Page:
Certain firearm platforms are able to accommodate commercial cartridge cases as well as military cartridge cases interchangeably. This is especially so for reloaders who are in a position to slightly alter or adjust certain elements or components in order to do so. Comparative examples may include the 5.56 x 45 mm (5.56 NATO) vs. the .223 Remington; or the 7.62 x 51 mm (7.62 NATO) vs. the .308 Winchester.
In most instances, the external dimensions are the same (or approximately the same) between compatible (commercial vs. military) cartridge cases. This is because one version is often the ‘parent’ case to the other. Either the commercial market offered a firearm that the military wanted to employ, or the military used a firearm that was commercially viable for the public marketplace.
In general, the primary difference between commercial and military cartridge cases is the thickness of the brass itself. Commercial brass is typically thinner and, therefore, possesses a greater volume within its powder chamber. It is also more susceptible to cracks, ruptures, or other material breakdowns. Military brass, on the other hand, is made thicker in order to hold up better under extreme conditions. Perhaps the most obvious of these conditions is the abuse a cartridge case endures running through an automatic weapon. For reloaders, adjustments need to be made in the powder load for the different capacities (volume) of the powder chambers. Always consult the Reloader’s Guides for the recommended powder loads.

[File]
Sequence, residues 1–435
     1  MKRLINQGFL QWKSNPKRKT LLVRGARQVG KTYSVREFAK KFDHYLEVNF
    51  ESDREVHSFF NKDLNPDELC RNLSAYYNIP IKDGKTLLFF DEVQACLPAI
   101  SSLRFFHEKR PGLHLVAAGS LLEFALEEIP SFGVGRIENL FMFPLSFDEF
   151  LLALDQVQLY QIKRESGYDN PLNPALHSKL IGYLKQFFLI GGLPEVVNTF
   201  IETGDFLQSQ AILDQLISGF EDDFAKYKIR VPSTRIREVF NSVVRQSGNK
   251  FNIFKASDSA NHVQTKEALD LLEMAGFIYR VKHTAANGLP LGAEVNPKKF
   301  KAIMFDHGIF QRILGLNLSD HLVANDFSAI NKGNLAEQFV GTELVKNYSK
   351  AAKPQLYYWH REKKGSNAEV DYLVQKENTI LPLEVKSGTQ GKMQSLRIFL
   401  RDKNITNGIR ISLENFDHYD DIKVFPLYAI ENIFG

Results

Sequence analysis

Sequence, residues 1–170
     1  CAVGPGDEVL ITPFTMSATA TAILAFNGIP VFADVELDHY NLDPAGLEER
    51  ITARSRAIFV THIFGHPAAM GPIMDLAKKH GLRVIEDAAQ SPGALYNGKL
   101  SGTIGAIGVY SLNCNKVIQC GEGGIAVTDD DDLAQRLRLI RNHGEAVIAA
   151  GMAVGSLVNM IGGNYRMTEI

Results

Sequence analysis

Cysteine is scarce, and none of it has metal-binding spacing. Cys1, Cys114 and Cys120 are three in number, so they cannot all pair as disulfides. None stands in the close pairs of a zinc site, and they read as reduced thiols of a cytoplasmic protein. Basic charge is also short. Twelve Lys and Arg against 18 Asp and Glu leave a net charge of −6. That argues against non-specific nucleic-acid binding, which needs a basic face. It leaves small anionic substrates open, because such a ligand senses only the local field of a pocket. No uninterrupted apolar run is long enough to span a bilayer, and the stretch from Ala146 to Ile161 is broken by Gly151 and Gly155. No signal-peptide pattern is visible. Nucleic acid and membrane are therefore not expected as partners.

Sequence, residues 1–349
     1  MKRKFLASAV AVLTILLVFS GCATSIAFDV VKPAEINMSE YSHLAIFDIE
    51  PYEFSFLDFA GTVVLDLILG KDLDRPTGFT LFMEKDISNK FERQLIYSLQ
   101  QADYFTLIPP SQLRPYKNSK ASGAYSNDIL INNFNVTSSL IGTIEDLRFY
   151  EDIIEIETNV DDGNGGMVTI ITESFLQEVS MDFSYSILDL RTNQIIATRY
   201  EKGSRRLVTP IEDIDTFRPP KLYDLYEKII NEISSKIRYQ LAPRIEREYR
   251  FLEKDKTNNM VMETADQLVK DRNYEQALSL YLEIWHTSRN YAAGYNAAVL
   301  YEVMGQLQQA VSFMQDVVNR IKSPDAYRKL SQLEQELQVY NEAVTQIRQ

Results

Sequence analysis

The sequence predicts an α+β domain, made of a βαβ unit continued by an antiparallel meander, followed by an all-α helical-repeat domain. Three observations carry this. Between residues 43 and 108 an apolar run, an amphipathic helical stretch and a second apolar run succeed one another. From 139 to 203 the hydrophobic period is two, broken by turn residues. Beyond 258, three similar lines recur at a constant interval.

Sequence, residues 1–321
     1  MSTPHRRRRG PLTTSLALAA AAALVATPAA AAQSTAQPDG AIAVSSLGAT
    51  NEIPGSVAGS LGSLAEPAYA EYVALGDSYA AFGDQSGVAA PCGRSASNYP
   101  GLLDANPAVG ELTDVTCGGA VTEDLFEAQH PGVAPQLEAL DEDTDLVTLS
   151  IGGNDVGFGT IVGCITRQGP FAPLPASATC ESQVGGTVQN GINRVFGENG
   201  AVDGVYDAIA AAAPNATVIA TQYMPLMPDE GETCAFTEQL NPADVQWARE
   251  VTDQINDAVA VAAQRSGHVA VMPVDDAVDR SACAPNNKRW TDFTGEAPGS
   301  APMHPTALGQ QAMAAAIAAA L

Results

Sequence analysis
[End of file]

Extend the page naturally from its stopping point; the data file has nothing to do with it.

Another difference between commercial and military brass is the primer crimp that exists on the military cartridge case. Again, this feature in design is related to the extreme rigor the casing is expected to endure. For reloaders, this crimp must be removed, creating an additional step. Top Brass reams the primer pocket for all of its reconditioned military cartridge cases.
The principle advantage for using military cartridge cases over commercial cartridge cases is the added thickness of the brass. When a firearm is discharged, the brass casing expands and contracts. In doing so, the brass is exposed to extreme (explosive) stress. Obviously, thicker walls on the cartridge will better manage material fatigue over the life of the cartridge. For active reloaders, the lifespan of a single cartridge may extend 10 to 15 fire rotations.
In summary, military brass is often preferred over commercial brass due to its material robustness and ability to last over a greater number of reloads.